Global stability, peace, and economic prosperity, can never be achieved without the full participation and empowerment of women. There's a volume of research and data showing that greater investments in women's health and education can lead to greater economic growth and more robust societies. Experience shows that when women’s voices are fully integrated into peace negotiations and security efforts, conflicts can be avoided and peace is longer lasting. When women participate equally with men in political and civic processes, governments can be more representative and often more effective.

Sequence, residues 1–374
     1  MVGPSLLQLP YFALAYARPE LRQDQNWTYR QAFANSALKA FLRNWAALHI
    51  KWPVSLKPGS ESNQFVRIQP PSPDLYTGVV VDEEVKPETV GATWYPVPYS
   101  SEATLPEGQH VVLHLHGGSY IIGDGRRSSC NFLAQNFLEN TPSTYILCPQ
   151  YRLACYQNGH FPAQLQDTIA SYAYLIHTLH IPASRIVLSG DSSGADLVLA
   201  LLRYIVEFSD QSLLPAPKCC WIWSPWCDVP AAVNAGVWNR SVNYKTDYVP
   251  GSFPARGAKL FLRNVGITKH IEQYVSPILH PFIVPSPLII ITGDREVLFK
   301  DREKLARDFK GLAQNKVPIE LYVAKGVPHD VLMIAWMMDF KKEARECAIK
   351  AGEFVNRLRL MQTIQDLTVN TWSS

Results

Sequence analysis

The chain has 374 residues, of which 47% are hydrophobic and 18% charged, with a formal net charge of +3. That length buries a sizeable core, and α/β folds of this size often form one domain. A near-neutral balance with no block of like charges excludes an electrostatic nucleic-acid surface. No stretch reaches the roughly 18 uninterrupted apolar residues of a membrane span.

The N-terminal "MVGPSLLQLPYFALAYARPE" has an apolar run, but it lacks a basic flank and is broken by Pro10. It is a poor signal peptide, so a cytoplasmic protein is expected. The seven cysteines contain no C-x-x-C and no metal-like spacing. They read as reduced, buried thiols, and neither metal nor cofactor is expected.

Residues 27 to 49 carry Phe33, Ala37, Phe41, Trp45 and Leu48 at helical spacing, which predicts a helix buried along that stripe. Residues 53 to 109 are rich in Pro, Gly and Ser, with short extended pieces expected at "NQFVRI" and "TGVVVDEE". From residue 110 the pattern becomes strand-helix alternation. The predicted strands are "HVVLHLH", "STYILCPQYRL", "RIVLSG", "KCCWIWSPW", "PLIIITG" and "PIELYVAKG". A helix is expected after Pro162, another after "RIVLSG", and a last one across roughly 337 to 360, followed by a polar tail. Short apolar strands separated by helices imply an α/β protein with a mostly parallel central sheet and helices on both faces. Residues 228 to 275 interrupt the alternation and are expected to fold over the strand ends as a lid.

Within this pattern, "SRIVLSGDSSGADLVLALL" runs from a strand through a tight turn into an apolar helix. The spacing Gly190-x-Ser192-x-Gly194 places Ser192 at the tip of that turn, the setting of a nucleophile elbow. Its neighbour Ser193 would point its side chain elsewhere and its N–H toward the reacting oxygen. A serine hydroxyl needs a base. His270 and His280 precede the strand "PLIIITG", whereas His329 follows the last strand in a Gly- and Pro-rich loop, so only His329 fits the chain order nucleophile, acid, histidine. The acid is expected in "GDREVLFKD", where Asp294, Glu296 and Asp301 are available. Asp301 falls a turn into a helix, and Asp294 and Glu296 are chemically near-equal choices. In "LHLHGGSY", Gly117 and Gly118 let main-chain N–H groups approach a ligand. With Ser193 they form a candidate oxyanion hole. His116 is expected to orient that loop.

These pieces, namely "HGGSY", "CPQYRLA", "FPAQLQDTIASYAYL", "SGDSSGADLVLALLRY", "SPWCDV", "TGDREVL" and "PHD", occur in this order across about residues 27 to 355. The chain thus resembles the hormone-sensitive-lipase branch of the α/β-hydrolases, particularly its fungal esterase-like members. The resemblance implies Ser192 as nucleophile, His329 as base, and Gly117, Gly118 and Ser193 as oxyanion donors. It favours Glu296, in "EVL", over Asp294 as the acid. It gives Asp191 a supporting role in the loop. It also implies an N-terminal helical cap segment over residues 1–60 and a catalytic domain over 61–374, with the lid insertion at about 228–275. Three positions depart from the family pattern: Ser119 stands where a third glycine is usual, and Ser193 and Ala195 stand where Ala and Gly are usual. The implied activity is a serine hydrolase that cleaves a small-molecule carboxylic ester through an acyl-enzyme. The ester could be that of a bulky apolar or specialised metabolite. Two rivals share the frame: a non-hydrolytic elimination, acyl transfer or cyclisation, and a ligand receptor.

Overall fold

As Clinton has said time and again, strengthening women and girls around the world is not simply the right thing to do – it is the smart thing to do.
Already in his first month in office, Kerry has demonstrated both his leadership and commitment. At his Senate confirmation hearing at the end of January, he “committed to the ongoing significant efforts that Secretary Clinton has invested in” to integrate women’s issues into the State Department, and to advance the status of women around the world.
He pledged to maintain the Secretary’s Office of Global Women's Issues, and to support the work of an appointed Ambassador at Large who could lead the Department’s efforts. And he emphasized the vital importance of integrating women's issues into department’s key activities – especially when it comes to promoting peace in conflict regions.
Here are three areas where I believe Kerry could advance the work of the past four years – and make a lasting difference: